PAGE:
Artes Magicae

Verschenen in 2017:

 

Verschenen in 2016:

Brewer, Keagan, Wonder and Skepticism in the Middle Ages. Abingdon: Routledge, 2016, 236 p.

“This book explores the response by medieval society to tales of marvels and the supernatural, which ranged from firm belief to outright rejection, and asks why the believers believed, and why the skeptical disbelieved. Despite living in a world whose structures more often than not supported belief, there were still a great many who disbelieved, most notably scholastic philosophers who began a polemical programme against belief in marvels.

The author reevaluates the Middle Ages’ reputation as an era of credulity by considering the evidence for incidences of marvels, miracles and the supernatural and demonstrating the reasons people did and did not believe in such things. Using an array of contemporary sources, he shows that medieval responders sought evidence in the commonality of a report, similarity of one event to another, theological explanations and from people with status to show that those who believed in marvels and miracles did so only because the wonders had passed evidentiary testing. In particular, he examines both emotional and rational reactions to wondrous phenomena, and why some were readily accepted and others rejected.”

Carter, Jessica, “The Scapegoat: Impotence and Witchcraft in the Middle Ages”, Waterloo Historical Review, 8 (2016)

“This essay investigates the question of how women were used as scapegoats for male impotence during the Witch Craze. It analyzes the two medical treatises Trotula and the Secrets of Woman comparing and contrasting how each text prescribe treatments towards the female sex. The perceptions and ideals conveyed in these medical treatises provide an explanation as to why women were placed in a vulnerable position and targeted for threatening male masculinity.”

Casey, Abigail, “Magic and Medicine in a Man’s World: The Medieval Woman as both Healer and Witch”, Proceedings of the National Conference on Undergraduate Research (NCUR), (2016), 1515-1524

“Medieval women live in the shadows of literary remembrance. Primary literature, much of it written by men, does little to give us an intimate knowledge of women’s work and lives. Nonetheless, they were an integral part of medieval life, particularly in the delivery of health care. Operating within the sphere of the home or the nunnery, women were largely responsible for tending to common ailments, treating childhood diseases, and attending to women in labor. With no formal education, they based their medical care in the practical application of botanical compounds, and religious and secular superstition. Towards the end of the Middle Ages, universities began offering medical educations to male students, and formally-trained male physicians began practicing alongside nurses and midwives with informal training. This paper intends to show that a new combination of competition and deeply rooted antagonism towards the female sex tilted the public perception of women healers from well-respected necessities to witches and charlatans. This project explores the conflicting images of women as healers and women as charlatans, in reference to medieval gender conflicts, through a collective analysis of primary literature, including texts by Trotula, Hildegard of Bingen, and Jacqueline Felicie, as well as art from the Middle Ages.”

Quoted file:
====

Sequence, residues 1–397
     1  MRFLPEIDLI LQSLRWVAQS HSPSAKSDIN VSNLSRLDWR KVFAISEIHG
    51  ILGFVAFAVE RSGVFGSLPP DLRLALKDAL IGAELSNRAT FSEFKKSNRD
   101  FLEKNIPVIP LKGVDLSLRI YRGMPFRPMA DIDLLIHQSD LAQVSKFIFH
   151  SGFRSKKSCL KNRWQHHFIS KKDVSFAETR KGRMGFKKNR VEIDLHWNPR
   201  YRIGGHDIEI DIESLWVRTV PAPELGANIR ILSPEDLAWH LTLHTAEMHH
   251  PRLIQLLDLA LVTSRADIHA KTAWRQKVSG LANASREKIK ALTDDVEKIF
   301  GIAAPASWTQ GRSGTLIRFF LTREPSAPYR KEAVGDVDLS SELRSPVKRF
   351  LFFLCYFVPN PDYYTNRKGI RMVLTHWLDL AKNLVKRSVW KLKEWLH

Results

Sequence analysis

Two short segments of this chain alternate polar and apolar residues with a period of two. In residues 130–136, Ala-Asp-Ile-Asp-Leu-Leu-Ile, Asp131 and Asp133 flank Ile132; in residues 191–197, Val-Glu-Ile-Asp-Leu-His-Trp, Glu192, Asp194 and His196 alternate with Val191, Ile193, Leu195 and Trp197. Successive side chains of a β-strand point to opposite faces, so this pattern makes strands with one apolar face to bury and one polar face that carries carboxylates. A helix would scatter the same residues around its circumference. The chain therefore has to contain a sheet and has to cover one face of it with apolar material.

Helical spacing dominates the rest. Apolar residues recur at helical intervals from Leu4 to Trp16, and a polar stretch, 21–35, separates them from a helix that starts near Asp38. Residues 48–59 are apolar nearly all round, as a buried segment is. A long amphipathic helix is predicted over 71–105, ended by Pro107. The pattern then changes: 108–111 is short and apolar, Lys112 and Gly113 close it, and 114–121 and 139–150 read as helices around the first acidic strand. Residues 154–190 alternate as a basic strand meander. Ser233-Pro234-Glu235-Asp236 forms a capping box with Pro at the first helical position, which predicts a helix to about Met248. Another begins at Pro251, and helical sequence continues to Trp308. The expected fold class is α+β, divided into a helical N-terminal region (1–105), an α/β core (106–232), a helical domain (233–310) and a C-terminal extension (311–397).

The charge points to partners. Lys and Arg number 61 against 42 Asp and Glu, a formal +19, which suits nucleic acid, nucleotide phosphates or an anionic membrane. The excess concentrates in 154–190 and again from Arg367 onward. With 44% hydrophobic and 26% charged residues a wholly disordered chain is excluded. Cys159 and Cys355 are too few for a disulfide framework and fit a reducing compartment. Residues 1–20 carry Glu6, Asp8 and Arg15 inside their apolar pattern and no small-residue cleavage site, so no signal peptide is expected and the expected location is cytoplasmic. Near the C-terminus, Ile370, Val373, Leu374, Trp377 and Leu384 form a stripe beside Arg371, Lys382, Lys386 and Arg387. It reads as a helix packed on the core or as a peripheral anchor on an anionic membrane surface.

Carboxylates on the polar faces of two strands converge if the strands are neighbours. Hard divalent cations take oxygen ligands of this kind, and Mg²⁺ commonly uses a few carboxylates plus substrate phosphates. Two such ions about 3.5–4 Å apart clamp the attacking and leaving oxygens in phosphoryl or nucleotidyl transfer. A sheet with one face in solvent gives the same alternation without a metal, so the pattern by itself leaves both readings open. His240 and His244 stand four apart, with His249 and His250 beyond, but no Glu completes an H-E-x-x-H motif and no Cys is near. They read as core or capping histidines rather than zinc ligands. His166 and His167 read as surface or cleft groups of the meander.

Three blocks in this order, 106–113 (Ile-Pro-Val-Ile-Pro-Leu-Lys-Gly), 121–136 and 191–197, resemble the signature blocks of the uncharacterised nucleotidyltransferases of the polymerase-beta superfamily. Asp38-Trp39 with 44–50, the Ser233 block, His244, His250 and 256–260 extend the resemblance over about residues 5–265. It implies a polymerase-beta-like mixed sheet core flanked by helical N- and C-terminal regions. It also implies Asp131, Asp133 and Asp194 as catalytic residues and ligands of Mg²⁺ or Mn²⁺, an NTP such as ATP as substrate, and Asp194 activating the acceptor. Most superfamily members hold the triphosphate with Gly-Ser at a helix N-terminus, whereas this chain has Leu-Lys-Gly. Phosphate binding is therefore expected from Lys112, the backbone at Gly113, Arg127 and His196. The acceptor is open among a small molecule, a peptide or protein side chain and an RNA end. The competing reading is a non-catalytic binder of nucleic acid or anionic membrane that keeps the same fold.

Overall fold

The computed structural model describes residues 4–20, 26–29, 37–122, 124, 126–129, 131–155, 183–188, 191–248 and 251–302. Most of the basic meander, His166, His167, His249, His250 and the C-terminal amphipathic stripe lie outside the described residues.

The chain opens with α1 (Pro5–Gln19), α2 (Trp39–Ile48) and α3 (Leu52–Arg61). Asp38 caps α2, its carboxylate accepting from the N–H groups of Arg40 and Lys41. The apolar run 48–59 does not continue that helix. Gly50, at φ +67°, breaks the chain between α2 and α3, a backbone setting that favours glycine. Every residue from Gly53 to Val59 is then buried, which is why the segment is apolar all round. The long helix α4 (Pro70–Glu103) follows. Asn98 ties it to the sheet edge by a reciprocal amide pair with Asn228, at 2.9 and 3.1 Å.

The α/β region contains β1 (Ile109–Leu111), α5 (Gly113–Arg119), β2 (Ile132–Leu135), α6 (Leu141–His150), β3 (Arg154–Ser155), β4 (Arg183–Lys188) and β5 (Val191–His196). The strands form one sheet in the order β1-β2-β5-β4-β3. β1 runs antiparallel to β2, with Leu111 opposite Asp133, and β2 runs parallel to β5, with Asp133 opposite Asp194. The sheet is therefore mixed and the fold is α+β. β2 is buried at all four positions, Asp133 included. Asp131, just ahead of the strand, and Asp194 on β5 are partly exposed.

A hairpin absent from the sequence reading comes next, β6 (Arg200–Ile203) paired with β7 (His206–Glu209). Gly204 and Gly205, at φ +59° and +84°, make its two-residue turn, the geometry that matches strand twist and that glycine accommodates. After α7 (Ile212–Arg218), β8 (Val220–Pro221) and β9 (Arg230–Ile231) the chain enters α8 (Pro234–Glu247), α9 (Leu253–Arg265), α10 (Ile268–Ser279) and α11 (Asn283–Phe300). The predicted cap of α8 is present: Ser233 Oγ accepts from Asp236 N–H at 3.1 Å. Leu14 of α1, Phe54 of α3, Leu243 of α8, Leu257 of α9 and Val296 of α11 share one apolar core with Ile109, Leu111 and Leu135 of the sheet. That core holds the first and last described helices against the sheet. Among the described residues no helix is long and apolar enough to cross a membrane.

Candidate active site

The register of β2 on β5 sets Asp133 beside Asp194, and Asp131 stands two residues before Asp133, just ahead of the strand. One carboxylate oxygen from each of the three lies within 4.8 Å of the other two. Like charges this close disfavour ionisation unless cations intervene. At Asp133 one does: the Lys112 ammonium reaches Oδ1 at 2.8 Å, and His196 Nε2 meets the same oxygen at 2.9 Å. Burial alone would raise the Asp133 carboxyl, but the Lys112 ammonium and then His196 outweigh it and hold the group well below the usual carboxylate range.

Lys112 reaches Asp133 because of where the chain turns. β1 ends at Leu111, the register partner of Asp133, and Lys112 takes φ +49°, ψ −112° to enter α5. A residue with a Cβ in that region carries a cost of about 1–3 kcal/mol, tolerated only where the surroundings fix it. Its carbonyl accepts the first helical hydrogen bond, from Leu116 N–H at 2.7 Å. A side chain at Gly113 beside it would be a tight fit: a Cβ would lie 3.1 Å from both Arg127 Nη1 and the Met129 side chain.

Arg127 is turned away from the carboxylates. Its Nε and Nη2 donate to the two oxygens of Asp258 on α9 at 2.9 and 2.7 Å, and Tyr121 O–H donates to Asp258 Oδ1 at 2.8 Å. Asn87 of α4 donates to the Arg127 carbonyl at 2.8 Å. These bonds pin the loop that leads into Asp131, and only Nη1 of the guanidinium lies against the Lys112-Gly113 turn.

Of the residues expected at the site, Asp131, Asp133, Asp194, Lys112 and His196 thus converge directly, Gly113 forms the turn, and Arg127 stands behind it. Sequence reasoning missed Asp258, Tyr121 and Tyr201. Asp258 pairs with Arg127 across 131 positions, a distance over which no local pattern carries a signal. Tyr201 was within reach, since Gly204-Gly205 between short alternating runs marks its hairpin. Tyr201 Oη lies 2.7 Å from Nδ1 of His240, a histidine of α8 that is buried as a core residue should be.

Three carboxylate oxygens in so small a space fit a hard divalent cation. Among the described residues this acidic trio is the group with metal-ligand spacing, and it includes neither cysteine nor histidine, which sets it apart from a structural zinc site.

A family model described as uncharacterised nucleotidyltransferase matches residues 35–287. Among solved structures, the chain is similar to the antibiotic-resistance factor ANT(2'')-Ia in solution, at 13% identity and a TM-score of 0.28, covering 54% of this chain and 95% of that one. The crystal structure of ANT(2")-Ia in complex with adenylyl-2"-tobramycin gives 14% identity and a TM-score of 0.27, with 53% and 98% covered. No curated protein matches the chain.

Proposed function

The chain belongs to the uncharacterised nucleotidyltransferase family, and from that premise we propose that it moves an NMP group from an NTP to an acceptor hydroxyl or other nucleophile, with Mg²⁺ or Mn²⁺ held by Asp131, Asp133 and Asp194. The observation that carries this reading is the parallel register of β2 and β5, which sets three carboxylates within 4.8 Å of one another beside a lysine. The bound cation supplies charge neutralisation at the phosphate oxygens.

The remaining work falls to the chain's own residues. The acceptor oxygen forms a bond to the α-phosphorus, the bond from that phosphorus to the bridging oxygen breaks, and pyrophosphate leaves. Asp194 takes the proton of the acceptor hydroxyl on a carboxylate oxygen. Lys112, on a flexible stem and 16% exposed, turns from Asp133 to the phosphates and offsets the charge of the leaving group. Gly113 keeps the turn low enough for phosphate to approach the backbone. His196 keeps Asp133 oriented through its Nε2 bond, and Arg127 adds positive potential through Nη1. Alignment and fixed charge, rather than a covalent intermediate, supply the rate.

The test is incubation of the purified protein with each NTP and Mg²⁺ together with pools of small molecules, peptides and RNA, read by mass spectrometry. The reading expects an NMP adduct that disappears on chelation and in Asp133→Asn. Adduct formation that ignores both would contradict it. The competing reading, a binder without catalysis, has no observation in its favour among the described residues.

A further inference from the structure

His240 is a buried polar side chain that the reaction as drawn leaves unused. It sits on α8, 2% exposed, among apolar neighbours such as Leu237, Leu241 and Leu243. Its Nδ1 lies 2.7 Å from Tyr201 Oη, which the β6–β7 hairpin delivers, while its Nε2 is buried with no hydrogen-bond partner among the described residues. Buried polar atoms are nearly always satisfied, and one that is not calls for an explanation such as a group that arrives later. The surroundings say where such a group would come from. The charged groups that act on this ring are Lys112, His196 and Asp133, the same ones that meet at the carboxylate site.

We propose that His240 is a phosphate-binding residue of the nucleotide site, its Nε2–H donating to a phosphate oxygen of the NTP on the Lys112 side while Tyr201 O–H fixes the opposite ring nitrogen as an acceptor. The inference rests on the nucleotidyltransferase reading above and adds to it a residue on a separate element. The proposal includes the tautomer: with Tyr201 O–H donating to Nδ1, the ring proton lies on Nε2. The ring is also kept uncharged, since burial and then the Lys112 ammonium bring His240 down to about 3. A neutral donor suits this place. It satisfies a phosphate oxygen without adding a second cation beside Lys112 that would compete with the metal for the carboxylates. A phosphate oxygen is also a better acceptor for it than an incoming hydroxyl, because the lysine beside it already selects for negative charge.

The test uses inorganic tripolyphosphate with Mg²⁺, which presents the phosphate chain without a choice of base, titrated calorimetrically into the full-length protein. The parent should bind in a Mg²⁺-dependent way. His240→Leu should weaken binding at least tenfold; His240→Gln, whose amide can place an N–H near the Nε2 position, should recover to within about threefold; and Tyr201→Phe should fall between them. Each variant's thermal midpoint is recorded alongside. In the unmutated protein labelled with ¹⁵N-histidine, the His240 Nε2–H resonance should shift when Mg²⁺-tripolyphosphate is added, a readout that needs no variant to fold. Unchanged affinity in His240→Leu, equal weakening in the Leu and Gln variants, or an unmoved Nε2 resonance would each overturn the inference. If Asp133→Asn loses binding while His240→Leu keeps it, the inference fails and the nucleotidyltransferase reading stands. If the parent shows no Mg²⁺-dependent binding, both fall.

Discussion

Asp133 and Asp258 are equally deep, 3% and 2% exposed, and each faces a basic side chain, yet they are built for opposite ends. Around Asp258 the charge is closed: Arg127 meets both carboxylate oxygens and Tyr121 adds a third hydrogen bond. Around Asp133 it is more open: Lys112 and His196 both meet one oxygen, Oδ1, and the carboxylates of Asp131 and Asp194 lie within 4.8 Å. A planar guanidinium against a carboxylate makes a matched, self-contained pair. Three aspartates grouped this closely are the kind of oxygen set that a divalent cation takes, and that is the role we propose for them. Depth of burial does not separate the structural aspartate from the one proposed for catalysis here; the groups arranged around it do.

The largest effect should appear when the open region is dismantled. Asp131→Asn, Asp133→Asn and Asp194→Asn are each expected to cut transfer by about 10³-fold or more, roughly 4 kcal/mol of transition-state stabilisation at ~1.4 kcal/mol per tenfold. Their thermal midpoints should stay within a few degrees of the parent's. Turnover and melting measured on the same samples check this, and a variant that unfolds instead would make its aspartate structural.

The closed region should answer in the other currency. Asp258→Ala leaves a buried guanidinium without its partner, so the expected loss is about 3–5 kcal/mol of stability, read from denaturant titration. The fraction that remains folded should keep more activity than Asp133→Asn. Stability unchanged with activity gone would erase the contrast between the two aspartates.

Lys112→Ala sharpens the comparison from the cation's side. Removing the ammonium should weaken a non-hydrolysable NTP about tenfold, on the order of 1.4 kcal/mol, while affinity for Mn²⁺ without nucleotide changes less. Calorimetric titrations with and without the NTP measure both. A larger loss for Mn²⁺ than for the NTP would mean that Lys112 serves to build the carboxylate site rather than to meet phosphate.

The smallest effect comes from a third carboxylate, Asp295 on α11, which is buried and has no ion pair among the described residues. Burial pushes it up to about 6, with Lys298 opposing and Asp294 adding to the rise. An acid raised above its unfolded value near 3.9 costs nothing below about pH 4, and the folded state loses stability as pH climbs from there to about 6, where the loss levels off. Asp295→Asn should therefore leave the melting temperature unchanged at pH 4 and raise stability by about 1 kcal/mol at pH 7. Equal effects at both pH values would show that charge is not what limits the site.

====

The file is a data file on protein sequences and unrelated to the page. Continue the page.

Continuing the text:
Eroticism in the Middle Ages and the Renaissance.
Magic, Marriage, and Midwifery, I. Moulton (red.). Turnhout: Brepols, 2016, xv + 171 p., geïllustreerd. Arizona Studies in the Middle Ages and the Renaissance, 39.

“The essays in this volume explore varied manifestations of medieval and early modern sexuality. Magic rings; seductive she-devils; satyrs bound and whipped on stage; a woman sexually coerced in the confessional; a boy caught masturbating over a midwifery manual; a marriage of true minds between two men; a prince led to repentance at the sight of a naked girl prepared to give her life for his. These varied manifestations of medieval and early modern sexuality — each at the center of one of the essays in this volume — suggest the ubiquity and diversity of eroticism in the period. The erotic is the stuff of legend, but also of daily life. It is inextricable from relations of power and subordination and is plays a fundamental role in the heirarchical social structures of the period. The erotic is also very much a part of the spiritual realm, often in morally ambiguous ways. The seven essays collected in this volume explore the role the erotic played in early modern notions of happiness or fulfillment, in clerical life, in Jewish legend, heretical magic and Christian marriage, in poetry, on the public stage, and in medical manuals.” (zie ook onder Medicina)


La Formule au Moyen Âge